Forget tennis, Federer staked a claim as possibly the greatest athlete in history with his spellbinding 4-6 7-5 6-3 6-4 triumph that secured the phenomenal Swiss a record-equalling seventh title at the All England Club.
While Britain’s agonising 76-year wait for another men’s grand slam singles champion goes on, Federer’s sweetest success is the strawberries and cream on his incredible career.
Playing in the fierce era of Novak Djokovic and Rafael Nadal, and with his grand rivals at their peak, Federer’s unmatched 17th major and return to the top of the rankings one month shy of his 31st birthday ranks as one of sport’s greatest-ever feats.
After matching Pete Sampras’s magnificent seven on London’s hallowed lawns, Federer will also equal the American’s record 286-week reign as world No1.
Then he will eclipse it next week.
“It’s a magical moment for me,” Federer said after breaking his two-and-a-half-year grand slam title drought.
“It just feels amazing. As we know, the world No 1s, you don’t get those gifted.”
Federer’s latest conquest came two weeks before his twin daughters’ third birthday and little Charlene Riva and Myla Rose were among the capacity crowd who afforded the grasscourt colossus a standing ovation as he hoisted the trophy once again.
“Obviously that’s a dream come true,” Federer said. “It’s the best.”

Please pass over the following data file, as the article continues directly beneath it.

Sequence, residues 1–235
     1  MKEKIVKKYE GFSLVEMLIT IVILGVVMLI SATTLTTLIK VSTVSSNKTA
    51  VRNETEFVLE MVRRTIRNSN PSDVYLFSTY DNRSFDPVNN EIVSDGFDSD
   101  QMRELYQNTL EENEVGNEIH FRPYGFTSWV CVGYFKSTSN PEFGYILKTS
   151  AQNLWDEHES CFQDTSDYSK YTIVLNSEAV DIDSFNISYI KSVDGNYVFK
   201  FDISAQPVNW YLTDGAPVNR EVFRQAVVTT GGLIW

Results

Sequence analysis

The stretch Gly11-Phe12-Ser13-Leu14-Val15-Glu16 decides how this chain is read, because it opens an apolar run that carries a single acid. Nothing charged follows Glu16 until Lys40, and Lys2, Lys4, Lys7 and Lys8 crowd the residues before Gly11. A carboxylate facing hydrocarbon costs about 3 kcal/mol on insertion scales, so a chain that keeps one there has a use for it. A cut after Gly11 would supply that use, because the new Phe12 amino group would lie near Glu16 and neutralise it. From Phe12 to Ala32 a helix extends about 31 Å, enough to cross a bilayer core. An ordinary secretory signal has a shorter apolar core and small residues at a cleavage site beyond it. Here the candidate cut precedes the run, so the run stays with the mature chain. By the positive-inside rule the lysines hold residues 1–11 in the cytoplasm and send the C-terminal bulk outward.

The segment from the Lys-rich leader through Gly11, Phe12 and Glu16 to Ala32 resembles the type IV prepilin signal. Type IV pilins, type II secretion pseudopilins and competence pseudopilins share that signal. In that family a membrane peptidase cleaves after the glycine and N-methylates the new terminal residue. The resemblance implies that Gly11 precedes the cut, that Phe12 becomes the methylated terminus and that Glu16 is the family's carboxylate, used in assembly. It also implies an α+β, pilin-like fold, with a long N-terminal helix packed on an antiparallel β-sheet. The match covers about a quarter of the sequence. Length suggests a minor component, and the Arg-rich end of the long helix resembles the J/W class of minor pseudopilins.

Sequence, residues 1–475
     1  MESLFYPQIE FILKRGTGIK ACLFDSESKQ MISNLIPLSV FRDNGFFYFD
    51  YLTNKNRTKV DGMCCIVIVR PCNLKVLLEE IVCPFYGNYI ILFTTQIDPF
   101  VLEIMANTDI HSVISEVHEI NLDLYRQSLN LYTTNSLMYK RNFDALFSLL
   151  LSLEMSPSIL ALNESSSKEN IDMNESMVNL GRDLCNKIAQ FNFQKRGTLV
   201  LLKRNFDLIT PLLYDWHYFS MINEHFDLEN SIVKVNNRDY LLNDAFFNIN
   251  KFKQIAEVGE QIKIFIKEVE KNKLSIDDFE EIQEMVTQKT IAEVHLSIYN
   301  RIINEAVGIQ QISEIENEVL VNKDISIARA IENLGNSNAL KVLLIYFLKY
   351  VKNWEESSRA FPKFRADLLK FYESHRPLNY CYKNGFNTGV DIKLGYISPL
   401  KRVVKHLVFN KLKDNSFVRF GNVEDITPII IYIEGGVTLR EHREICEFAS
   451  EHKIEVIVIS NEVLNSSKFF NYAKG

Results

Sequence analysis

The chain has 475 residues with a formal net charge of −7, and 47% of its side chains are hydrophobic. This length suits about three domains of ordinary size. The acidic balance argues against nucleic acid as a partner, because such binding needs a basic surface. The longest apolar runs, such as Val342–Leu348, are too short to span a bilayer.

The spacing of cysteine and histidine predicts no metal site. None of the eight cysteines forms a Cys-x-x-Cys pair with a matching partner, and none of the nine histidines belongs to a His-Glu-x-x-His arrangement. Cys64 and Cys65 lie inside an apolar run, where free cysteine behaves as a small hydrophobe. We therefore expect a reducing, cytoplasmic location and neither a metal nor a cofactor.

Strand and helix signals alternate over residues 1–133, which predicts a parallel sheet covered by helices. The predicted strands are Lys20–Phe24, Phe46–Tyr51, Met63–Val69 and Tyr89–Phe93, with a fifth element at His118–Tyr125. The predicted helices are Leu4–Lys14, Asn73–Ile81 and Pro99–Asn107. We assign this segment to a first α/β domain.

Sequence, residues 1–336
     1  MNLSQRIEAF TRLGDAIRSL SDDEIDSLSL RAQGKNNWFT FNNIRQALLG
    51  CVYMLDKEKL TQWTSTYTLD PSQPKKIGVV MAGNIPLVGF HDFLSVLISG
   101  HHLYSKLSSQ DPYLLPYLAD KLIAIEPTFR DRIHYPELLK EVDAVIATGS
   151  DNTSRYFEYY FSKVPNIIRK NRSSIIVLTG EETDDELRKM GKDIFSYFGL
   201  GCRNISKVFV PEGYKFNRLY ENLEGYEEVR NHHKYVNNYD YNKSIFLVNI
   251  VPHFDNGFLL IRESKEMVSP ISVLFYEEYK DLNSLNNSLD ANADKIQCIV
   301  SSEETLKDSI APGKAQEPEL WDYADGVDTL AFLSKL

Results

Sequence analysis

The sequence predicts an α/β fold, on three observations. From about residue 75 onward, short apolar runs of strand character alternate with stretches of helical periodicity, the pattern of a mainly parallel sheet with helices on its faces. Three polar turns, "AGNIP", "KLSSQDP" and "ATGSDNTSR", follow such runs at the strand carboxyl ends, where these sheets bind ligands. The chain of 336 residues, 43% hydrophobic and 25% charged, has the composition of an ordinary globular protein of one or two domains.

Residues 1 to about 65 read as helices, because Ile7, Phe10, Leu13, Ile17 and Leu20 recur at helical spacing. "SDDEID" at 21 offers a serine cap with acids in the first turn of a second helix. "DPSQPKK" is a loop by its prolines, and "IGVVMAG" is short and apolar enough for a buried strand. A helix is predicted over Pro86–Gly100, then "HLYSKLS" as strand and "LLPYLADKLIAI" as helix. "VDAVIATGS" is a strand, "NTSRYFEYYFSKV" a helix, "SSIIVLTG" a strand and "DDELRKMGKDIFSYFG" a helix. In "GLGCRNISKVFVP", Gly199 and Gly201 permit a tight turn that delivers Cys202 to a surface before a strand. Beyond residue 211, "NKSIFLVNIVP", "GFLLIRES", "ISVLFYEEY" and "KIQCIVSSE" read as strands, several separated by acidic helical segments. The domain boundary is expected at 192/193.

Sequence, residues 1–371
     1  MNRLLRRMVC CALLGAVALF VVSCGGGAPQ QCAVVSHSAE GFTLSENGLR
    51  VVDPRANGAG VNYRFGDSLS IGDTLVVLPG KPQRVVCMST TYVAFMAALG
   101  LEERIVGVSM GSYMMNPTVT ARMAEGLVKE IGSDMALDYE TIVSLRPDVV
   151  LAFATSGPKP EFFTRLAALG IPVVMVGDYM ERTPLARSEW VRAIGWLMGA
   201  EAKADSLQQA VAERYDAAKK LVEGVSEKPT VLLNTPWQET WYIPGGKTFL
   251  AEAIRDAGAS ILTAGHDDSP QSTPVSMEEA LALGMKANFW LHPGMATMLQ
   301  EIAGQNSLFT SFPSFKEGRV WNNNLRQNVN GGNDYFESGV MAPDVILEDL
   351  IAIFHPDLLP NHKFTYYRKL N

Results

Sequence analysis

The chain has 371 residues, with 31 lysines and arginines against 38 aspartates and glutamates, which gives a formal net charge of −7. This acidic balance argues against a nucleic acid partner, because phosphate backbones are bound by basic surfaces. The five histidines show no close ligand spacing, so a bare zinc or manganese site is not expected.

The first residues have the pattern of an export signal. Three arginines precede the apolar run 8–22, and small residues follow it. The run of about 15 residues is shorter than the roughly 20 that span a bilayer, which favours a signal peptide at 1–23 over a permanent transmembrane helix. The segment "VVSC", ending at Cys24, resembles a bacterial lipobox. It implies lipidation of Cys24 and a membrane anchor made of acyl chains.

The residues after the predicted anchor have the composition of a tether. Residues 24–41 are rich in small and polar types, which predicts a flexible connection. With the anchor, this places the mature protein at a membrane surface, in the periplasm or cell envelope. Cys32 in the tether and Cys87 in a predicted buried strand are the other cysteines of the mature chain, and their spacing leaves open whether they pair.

Billions of televisions viewers in 200 countries watched to see the historic final.
In Britain alone, a record 20 million anxious fans tuned in to see if Murray emulate Fred Perry’s over-documented 1936 heroics.
As one sharp observer tweeted: “Murder She Wrote on ITV: Nobody cares who did it this time, Lansbury.”
Federer did it – and Murray’s pain and suffering continues.
The Scot also lost his three previous grand slam finals – to Federer at the 2008 US Open and 2010 Australian Open and to Novak Djokovic at Melbourne Park last year. “Firstly, I’d like to congratulate Roger,” the shattered Murray said.
“Roger’s 30 now. He’s not bad for a 30-year-old.
“He played a great tournament. Even though he had some struggles early on with his back, he showed what fight he still has left in him.”
A 40-minute rain-delay with the match on a knife edge at a set apiece and 1-1 in the third forced the roof closure and Federer – the finest indoors player on earth – raised his imperious game to ridiculous levels upon the resumption.
With a sublime mix of slices and spin, crazy angles and ferocious power, Federer had the home hope under unimaginable strain serving at 2-3 down.
In a punishing 20-minute game, which featured three Murray tumbles and relentless retrieving, the Scot finally buckled on his sixth break point down under the devastating weight of Federer’s thunderous groundstrokes.
From 4-2 up, Federer comfortably held twice and seized a two-sets-to-one lead with his ninth ace of the match.
The end was nigh for Murray when Federer ripped a backhand crosscourt pass for another break and a 3-2 lead in the fourth set and the brilliant Swiss dropped to his knees after claiming the title on his second match point after three hours and 24 minutes.